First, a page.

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Securing your Sync App

Sync provides useful, efficient, and professionally-operated primitives to light up your apps in the browser and on mobiles. As with any Twilio product, these conveniences come together with a ready solution for security and access control.

In any Sync application, you have two levers of control that determine which SDK clients have access to what data. The first is the Access Token issued by your backend and secured by your method of choice. The second is the Sync Permissions API, which serves to further identify which tokens give access to which Sync objects. By using these two levers together, your users will be protected while Sync delivers the real-time liveness they expect and require.

The following is a guide to using these levers properly to secure your app before you go to production.

Step One: Prototype your app with ACLs Disabled

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The ACLEnabled Flag, a boolean value configured on your Sync Service Instance, determines whether token identities are used for access control. When ACLEnabled is unset, token identities are essentially ignored. In this case, the actor behind every Sync action is still visible in webhooks, for example, but it has no functional impact on your application.

Operating with ACLs disabled is ideal for experimentation and prototyping. Among other things, it's possible to operate entirely without backend server support in this mode. We encourage you to consider this "development mode" for any Sync-based project.

Step Two: Issue Access Tokens Securely

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Twilio Access Tokens are your application's primary defense against unwelcome users. When getting started, it's convenient to issue tokens to all comers (as our Quickstart guides recommend) — and for some use-cases this can be your modus operandi indefinitely. In particular, if you're providing Sync-driven features to a public, anonymous audience, issuing tokens to unknown actors is common and reasonable.

If, on the other hand, your users are known, then you should be sure to authenticate them before issuing a token that authorizes access to your Sync app. When doing so, make sure to provision your token with a corresponding identity string. Keep in mind that Twilio strongly recommends not to put personally identifiable information (names, phone numbers, etc.) in this field; we advise a UUID or a hash.

The token identity you provide here will be useful later when you secure your application with the help of the REST API.

Step Three: Planning for ACLs

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Once you move past the stage of prototyping or validation, it's time to think about securing your app. When the ACLEnabled flag is set, your backend will have to have explicitly allowed SDK-based clients read, write, and/or management access to shared objects. This means you'll have to consider:
1. How much do you trust your clients, specifically those on browsers or mobiles? Consider the risk of software bugs as well as nefarious users.
2. To what does each client need access? Do they need shared write access, or is shared read sufficient?

As a rule, shared-write privileges among SDK-driven endpoints create a significant risk for your application. Your token-issuing authority is your first line of defense against rogue SDK endpoints, but this will not always help defend against stolen credentials. Furthermore, the risk of buggy implementations is ever-present.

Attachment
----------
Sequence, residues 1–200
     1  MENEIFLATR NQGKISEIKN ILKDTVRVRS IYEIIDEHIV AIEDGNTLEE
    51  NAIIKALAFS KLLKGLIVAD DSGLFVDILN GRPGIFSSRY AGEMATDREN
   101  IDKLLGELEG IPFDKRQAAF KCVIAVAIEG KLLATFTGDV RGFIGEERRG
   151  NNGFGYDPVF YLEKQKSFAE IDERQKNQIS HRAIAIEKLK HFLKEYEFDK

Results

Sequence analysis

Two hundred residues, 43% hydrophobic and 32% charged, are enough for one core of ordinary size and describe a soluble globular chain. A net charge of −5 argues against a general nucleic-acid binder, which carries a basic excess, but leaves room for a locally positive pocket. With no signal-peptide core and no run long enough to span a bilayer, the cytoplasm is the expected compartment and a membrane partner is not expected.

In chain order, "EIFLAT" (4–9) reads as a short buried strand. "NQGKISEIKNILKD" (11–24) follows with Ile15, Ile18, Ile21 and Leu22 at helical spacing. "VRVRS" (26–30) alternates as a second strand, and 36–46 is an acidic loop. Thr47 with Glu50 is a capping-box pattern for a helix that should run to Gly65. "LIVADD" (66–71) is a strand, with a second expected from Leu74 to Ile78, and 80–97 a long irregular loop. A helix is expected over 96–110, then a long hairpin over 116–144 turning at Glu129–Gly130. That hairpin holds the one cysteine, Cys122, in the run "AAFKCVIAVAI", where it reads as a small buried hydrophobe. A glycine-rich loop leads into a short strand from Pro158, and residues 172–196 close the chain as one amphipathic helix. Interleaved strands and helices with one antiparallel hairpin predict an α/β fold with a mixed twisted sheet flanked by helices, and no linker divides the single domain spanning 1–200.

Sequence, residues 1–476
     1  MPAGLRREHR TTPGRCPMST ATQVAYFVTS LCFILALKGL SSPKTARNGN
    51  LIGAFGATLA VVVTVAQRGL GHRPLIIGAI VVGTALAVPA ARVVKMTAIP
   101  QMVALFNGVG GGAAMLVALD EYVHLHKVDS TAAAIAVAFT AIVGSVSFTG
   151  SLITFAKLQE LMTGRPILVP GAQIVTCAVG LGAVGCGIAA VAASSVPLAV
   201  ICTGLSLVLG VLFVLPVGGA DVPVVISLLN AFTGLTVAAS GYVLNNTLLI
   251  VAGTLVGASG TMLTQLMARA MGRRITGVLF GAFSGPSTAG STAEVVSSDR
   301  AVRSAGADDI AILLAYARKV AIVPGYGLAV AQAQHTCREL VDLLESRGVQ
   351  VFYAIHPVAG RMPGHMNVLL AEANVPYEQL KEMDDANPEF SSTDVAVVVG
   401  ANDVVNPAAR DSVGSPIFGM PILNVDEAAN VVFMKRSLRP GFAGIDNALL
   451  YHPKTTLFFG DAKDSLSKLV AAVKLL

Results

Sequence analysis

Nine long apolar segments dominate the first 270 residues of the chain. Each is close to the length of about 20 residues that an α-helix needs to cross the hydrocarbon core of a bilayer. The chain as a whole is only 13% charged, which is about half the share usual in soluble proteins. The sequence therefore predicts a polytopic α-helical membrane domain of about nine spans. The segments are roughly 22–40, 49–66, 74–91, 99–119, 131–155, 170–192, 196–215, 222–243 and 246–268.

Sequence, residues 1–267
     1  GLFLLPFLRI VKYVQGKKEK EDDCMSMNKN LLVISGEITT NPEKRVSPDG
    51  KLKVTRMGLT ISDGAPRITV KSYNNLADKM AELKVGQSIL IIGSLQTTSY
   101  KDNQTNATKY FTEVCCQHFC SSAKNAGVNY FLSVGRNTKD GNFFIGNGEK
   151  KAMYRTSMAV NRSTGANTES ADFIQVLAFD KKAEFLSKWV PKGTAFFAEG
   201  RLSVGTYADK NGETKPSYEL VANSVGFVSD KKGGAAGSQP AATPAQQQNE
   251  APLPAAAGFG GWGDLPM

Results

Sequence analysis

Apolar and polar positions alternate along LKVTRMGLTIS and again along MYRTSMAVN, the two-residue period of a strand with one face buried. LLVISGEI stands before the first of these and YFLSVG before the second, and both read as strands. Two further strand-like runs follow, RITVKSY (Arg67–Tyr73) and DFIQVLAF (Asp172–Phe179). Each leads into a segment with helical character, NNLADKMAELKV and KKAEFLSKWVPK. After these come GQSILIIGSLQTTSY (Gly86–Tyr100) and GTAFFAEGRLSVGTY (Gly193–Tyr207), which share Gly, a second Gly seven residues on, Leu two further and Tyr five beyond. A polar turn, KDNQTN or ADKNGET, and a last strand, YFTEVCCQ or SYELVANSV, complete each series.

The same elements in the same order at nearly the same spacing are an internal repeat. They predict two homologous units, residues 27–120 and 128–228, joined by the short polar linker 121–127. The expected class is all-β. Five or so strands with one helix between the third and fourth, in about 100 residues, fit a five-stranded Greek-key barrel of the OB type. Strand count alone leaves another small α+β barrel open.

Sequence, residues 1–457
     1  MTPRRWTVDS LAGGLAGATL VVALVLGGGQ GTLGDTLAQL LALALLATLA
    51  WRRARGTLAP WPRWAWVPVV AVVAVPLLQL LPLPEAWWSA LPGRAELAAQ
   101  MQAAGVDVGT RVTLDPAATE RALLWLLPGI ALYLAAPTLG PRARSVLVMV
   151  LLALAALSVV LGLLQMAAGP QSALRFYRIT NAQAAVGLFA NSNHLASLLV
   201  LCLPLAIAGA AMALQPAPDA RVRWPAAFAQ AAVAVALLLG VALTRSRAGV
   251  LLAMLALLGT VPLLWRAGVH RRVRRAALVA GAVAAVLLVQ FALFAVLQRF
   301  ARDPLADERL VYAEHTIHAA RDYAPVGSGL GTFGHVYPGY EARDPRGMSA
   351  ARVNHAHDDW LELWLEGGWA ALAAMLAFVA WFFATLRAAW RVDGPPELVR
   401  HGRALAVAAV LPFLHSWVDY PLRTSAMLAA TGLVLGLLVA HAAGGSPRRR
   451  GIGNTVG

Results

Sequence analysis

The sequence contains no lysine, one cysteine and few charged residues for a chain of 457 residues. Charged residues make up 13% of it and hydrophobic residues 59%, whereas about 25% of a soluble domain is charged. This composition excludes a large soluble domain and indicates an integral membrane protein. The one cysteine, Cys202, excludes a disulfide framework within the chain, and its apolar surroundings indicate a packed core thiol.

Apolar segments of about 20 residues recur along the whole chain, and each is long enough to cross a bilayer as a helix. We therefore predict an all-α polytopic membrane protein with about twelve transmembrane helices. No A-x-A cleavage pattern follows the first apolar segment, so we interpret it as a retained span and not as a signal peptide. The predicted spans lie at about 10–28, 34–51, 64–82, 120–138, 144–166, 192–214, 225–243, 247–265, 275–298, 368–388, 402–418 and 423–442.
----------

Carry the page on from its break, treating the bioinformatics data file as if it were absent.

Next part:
Shared-Write vs. Backend-as-Gatekeeper.

By contrast, one-to-many synchronization via your REST backend is generally safe. Where SDK-based clients need to communicate their own state, you should consider sharing such objects only with your backend and reflecting those changes towards other SDKs. With this organization, you will have the possibility to detect or intercept misbehaving clients in your backend and react accordingly. If endpoints in your system must be considered untrusted, we recommend something along these lines.

The exceptional case, in which the simple model of shared-write may be acceptable, is one in which you have high trust in your client endpoints or in which the shared data is sufficiently non-critical. For example, online/offline status among employees in a medium-sized company is not likely as high-risk as the same information shared with public users. In a call center, for example, the assignment of agents to customers is actually rather important, as programming errors may lead to consternation; but the greater risk in this case may be programming errors, not malicious agents.

Step Four: Switching ACLs on

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With ACLs enabled:

  1. By default, an object created by an SDK endpoint will only be accessible by other endpoints with the same token identity.
  2. By default, An object created via the REST API will be inaccessible to all SDK endpoints.
  3. Your backend services, accessing Twilio over REST, always have full access to everything.
  4. Your backend services can allow (and subsequently disallow) access to objects by arbitrary identities, one-by-one.

Allowing of individual identity-object pairs is possible via the Sync Permissions API, accessible from your backend services. You will need to do this for any object not shared exclusively between an SDK object-creator and your REST backend.

Enabling ACLs is an important step. Where possible, we suggest testing your application with ACLs enabled on a separate Sync Service Instance serving as a development environment.

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